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Saturday, July 16, 2016

The disservice-based economy

As the number of rules increases without bound, respect for them approaches zero.

A few years ago, it was announced with great fanfare that we had stopped being a manufacturing economy and become a service economy. Instead of making things, we would all make a living serving cappuccinos to each other and pressing each other's pants. Pollution would disappear and flowers would bloom.

It didn't last. We have blasted right through the service economy and are now transitioning to the next stage: an economy based on rules instead of service. It's not everywhere yet. But wherever bureaucrats and administrators take over, we get the disservice economy.

We're all familiar with it: the interminable waits at the DMV, the two-day ordeal of paying taxes, and the idiotic workplace rules. Where I work there's a rule that only one person is allowed to order supplies, and only once a week. Instead of one hour a day for five days a week, that person now does it all at once, for five hours on Wednesday.

God handing forms to Adam
God handing tax forms (1040A, 1099, W-4), government forms (SS-4, PHS 398, OPM 1351A), DD Form 67 (Form Processing Action Request) and bankruptcy forms to Adam (Sistine Chapel)

In practical terms it means that whenever an unforeseen event takes place (such as a person solving some problem), all work comes to a screeching halt and the employees sit idle, meticulously cleaning that stubborn little spot off their desks, playing Solitaire, or using the Internet to translate their spam (“Эффективное избавление от алкогольной зависимости!” “Effective disposal of alcohol addiction!” “Pimples and black spots will go for 3 application!”). But it saves money, or so management thinks.

(The latest one is an ad that says “Now, in your spare time, you can repost record, leave huskies under various publications, and get paid for it!”)

It's a trivial example, but it illustrates how our disservice-based economy will work. A service economy is based on observing what is needed and providing it. A disservice economy is based on making life more convenient for administrators and bureaucrats. They decide how the world should work, suppress any evidence that conflicts with their conclusion, and profit by plowing the organization into the ground.

It is also the government way. The fundamental problem, not just in Washington but spreading across the country, is the belief that rules can solve problems.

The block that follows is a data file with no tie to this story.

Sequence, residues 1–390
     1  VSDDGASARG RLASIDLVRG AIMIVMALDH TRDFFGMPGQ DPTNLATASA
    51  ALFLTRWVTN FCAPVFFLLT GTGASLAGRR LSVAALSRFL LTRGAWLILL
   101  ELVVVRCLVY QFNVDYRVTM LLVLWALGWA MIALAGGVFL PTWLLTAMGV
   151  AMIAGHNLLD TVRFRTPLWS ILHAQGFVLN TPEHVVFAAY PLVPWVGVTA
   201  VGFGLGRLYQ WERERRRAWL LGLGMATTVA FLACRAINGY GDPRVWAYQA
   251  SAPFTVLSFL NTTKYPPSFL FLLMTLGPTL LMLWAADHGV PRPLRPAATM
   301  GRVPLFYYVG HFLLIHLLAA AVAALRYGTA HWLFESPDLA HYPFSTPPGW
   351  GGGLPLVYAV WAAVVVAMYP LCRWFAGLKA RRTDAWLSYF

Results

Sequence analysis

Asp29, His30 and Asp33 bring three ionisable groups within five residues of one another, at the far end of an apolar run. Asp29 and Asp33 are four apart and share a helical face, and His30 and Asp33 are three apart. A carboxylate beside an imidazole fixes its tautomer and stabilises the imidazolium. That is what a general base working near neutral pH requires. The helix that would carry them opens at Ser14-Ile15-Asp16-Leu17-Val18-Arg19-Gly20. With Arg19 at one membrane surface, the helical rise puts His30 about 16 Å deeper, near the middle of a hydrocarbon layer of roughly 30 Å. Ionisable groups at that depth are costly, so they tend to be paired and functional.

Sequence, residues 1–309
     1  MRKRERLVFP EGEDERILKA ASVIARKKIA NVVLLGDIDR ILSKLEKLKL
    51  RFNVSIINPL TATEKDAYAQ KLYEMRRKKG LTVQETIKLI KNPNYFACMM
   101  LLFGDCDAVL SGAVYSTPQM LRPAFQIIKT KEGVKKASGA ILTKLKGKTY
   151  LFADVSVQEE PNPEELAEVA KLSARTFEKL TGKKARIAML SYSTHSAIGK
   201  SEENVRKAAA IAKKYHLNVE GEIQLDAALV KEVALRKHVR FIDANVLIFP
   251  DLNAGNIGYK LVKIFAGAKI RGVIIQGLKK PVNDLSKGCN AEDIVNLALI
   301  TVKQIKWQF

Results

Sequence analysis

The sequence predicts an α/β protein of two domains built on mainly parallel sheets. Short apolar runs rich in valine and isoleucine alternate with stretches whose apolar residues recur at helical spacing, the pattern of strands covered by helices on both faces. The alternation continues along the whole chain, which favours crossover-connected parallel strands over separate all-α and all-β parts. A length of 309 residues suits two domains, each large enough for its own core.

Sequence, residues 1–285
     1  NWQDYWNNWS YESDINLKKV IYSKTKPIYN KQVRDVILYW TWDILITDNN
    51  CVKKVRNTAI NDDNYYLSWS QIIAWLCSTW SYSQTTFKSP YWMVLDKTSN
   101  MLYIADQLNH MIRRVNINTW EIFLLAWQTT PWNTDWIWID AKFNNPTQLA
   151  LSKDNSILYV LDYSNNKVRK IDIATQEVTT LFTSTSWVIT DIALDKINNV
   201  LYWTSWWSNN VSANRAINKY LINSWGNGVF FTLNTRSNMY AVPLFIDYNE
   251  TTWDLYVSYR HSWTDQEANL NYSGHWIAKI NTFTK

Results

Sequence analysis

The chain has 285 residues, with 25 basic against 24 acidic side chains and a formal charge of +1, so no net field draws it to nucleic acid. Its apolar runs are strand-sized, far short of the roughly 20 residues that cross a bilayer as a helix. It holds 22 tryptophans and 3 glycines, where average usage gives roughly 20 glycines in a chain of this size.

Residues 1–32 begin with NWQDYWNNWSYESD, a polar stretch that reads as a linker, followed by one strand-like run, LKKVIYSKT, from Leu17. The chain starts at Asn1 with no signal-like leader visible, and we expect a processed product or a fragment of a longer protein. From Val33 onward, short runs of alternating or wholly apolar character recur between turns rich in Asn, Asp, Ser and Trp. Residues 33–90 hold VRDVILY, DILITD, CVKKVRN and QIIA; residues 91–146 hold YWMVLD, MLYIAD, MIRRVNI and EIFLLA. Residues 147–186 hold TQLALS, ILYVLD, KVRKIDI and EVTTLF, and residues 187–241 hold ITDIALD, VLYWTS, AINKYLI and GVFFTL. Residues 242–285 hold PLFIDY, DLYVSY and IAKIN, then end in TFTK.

It is not true. The purpose of rules is to prevent people from solving problems on their own. We use them everywhere to avoid having to figure things out: our laws and principles in math and science, our traffic regulations, and our legal system were all created to alleviate the need to solve problems.

We need rules, but when we lose sight of their purpose the rules become ends in themselves. Physicists sometimes fall into this trap, with their ever more fantastically complex theories, so compelling to the pattern-minded that people find themselves believing that not only does the world run according to rules, but it is composed of them.

Most of the government laws and regulations handed to us aren't intended to solve problems, but to serve government, whose sole purpose, as for all organizations, is to protect itself and ensure its own survival. The rules create new problems which politicians promise can and should be solved by still more rules and regulations, and that is their primary purpose.

Young people already feel it odd that no government form is needed to move to a different city, select a career, or to buy a book. Soon one will be, and we will move through the day in silent conformity, knowing that any stray thought is too dangerous to permit, lest we accidentally speak a forbidden word or break some unknown rule.

Already those who work in a corporate environment dare not converse with their co-workers, save in cautious whispers or as part of their labors; we are fired or hired on a whim, and our ability to keep company afloat and thereby remain employed is frustrated by rules that are designed to sink it. They call it accountability, a nice reassuring term, but what it amounts to is doing paperwork instead of solving problems. It only benefits the rule-makers.

As the number of rules increases without bound, respect for them approaches zero. Government becomes a capricious god, striking people like lightning for no discernable reason. People become resigned to having their children, husbands and wives randomly slaughtered by terrorists or unemployable rioters for no reason. The government denies that a war even exists because it is the government's war, perhaps caused by a mindless blunder, or maybe part of a scheme to enhance its own power. There is no way to be sure because those entrusted to find the truth have found it more convenient to lie.

In the disservice economy, the lower class ignores the rules and the upper class is exempt from them, but there is only gloom for the productive class. So their fertility rates go to zero. The government will eventually have to replace them with AI or test-tube replacements. It goes downhill from there. The only way to escape it is not to let it start.

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